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A Practical Guide to Networking, Privacy & Security in iOS 10
Sep 21, 2016

A Practical Guide to Networking, Privacy & Security in iOS 10

Learn more about iOS networking, and keep your data safe and private!

This independent book from Glenn Fleishman of Aperiodical teaches you how to use an iOS 10 device on Wi-Fi and cellular/mobile networks securely, making connections with ease while protecting your data and controlling access to your private information. It also covers Bluetooth networking and Location Services.

The iOS 11 edition of this title is available! See A Practical Guide to Networking, Privacy & Security in iOS 11.

Whether you are new to iOS or an experienced user hoping to stay up-to-date on the newest iOS quirks (such as Wi-Fi Calling, differential privacy, Apple’s two-factor authentication, and Safari ad blocking), you’ll find helpful directions, useful tips, and intriguing background information. Glenn also explains how your private details — who you are, sites you visit, and where you physically go — are shared with Apple and others, and how to restrict or block that sharing. On the security side, he walks you through scenarios from securing your data in transit to connecting to a secure Wi-Fi network to dealing with a lost iPhone.

Hey, What’s This?
We can focus our attention on only so many books, so when our friend and longtime collaborator Glenn Fleishman proposed creating this book on his own, we jumped at the chance to bring it to you alongside our Take Control titles. It’s his book, so it looks a little different, but the content is rock solid.

More Info

You’ll get the most out of your network connections by learning how to:

  • Troubleshoot problematic Wi-Fi connections.
  • Master all the options for a Personal Hotspot.
  • Know which radios are on (cellular, Wi-Fi, Bluetooth, and GPS) — and turn them on and off whenever you like.
  • Plan and manage your cellular data usage to avoid being throttled by your provider.
  • Make phone calls over Wi-Fi from your iPhone, iPad, and Mac with Wi-Fi Calling.
  • Decipher common and uncommon Wi-Fi and cellular icons that can appear on the status bar.
  • Find the Wi-Fi Assist switch, and know when to disable it.
  • Stream music and video to other devices with AirPlay.
  • Transfer files between iOS and OS X with AirDrop.

You’ll find strategies for keeping your data private:

  • Know what kinds of data can be leaked and consider your privacy settings.
  • Block creeps from iMessage messages, FaceTime, and phone calls.
  • Load pages faster, use less data, suppress ads, and be less trackable with Safari content-blocking extensions.

You’ll learn about securing your data in transit and on your device:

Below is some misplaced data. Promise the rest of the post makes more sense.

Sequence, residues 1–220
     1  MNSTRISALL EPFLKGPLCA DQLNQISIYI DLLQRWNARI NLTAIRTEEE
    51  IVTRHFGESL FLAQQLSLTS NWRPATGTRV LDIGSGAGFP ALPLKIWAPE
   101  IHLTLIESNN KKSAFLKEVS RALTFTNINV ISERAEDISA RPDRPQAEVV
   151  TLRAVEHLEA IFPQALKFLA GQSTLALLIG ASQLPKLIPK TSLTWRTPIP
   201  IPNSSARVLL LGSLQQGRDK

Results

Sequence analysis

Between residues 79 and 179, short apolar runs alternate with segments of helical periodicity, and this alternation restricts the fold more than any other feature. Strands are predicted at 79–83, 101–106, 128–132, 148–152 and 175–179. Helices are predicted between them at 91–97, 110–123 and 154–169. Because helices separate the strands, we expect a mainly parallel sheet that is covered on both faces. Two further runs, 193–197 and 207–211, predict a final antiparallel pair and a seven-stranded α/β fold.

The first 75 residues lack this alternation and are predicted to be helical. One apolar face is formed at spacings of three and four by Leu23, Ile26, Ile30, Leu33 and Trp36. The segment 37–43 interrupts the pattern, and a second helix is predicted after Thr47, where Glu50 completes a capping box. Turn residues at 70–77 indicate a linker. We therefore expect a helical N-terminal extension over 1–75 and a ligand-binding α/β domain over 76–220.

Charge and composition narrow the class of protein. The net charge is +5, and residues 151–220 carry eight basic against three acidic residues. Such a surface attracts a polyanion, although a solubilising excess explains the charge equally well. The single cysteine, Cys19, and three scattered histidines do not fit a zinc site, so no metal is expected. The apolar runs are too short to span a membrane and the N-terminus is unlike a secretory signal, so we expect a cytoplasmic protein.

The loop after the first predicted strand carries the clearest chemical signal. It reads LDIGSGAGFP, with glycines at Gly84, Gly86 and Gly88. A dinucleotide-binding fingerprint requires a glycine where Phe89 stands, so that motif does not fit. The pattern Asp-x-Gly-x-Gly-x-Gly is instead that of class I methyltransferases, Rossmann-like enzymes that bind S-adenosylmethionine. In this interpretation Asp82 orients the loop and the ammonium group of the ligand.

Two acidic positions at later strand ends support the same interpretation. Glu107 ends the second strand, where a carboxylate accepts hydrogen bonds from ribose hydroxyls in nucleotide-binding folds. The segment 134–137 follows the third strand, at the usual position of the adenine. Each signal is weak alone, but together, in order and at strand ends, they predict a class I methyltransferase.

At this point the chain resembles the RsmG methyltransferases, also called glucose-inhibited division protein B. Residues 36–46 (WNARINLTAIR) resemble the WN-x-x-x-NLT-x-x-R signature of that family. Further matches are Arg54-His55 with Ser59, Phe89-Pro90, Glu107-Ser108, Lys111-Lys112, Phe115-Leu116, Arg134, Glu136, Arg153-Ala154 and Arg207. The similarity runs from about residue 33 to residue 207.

• Connect to a WPA2 Wi-Fi network in home and corporate scenarios.
  • Understand and set up Apple’s new two-factor authentication.
  • Secure data in transit with a Virtual Private Network (VPN) connection.
  • Protect your device against intruders, and use Find My iPhone to deal with it going missing.
What's New

This edition has been thoroughly revised for iOS 10. It contains added details about differential privacy and call-blocking extensions, and extensively updates the sections on Wi-Fi Calling and carrier monthly bandwidth restrictions and throttling. The book’s step-by-step instructions and illustrations have all been updated with changes for iOS 10.

  1. Find My AirPod Added to Find My iPhone

    Because Apple’s new wireless AirPod earbuds lack cabling, they are easy to misplace. Although the best method for keeping track of them may be to place them in their charging case whenever you remove them from your ears, it’s safe to say that many people aren’t going to do that, or even if they do, they’ll lose the case.

    To solve this problem, with the release of iOS 10.3, Apple has added AirPods to the list of devices that you can track using Find My iPhone. You can see them on a map and make a sound play on both your AirPods or just one — just one is helpful if you’ve lost only one. If your AirPods are out of range of their paired iOS device, you’ll get information about where and when they were last within range. You can search from the Find My iPhone iOS app or from Find My iPhone on the iCloud Web site.

    Note that you must set up Find My iPhone before your AirPods go missing. Read the TidBITS article, Setting Up and Using Find My iPhone, for help.

    For more information, see Apple’s support article, If your AirPods are missing.

    Posted by Tonya Engst (Permalink)

The Author

Glenn Fleishman is a veteran technology writer who has contributed to dozens of publications across his career, including Macworld, the New York Times, Wired, the Atlantic, and the Economist. He has also written dozens of editions of books in the Take Control series. Glenn lives in Seattle with his wife and two children.